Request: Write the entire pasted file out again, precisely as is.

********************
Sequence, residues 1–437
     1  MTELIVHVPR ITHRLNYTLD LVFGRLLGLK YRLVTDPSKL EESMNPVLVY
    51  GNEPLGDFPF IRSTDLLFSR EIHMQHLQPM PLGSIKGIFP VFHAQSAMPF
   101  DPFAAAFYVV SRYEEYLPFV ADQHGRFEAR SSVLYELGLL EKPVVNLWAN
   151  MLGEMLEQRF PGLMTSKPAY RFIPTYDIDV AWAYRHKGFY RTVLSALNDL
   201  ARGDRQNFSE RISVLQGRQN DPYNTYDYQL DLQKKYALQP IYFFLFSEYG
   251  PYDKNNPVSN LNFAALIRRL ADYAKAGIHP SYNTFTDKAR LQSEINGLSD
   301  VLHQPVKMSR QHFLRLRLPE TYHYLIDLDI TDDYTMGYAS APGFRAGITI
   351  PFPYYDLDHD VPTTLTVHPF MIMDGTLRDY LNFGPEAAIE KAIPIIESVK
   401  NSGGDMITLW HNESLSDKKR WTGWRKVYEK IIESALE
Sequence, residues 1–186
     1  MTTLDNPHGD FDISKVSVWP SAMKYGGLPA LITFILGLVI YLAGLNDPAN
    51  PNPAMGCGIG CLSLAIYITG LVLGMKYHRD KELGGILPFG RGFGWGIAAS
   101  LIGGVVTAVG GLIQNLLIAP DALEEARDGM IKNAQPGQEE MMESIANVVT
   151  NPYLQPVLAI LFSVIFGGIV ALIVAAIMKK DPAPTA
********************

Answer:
Sequence, residues 1–437
     1  MTELIVHVPR ITHRLNYTLD LVFGRLLGLK YRLVTDPSKL EESMNPVLVY
    51  GNEPLGDFPF IRSTDLLFSR EIHMQHLQPM PLGSIKGIFP VFHAQSAMPF
   101  DPFAAAFYVV SRYEEYLPFV ADQHGRFEAR SSVLYELGLL EKPVVNLWAN
   151  MLGEMLEQRF PGLMTSKPAY RFIPTYDIDV AWAYRHKGFY RTVLSALNDL
   201  ARGDRQNFSE RISVLQGRQN DPYNTYDYQL DLQKKYALQP IYFFLFSEYG
   251  PYDKNNPVSN LNFAALIRRL ADYAKAGIHP SYNTFTDKAR LQSEINGLSD
   301  VLHQPVKMSR QHFLRLRLPE TYHYLIDLDI TDDYTMGYAS APGFRAGITI
   351  PFPYYDLDHD VPTTLTVHPF MIMDGTLRDY LNFGPEAAIE KAIPIIESVK
   401  NSGGDMITLW HNESLSDKKR WTGWRKVYEK IIESALE
Sequence, residues 1–186
     1  MTTLDNPHGD FDISKVSVWP SAMKYGGLPA LITFILGLVI YLAGLNDPAN
    51  PNPAMGCGIG CLSLAIYITG LVLGMKYHRD KELGGILPFG RGFGWGIAAS
   101  LIGGVVTAVG GLIQNLLIAP DALEEARDGM IKNAQPGQEE MMESIANVVT
   151  NPYLQPVLAI LFSVIFGGIV ALIVAAIMKK DPAPTA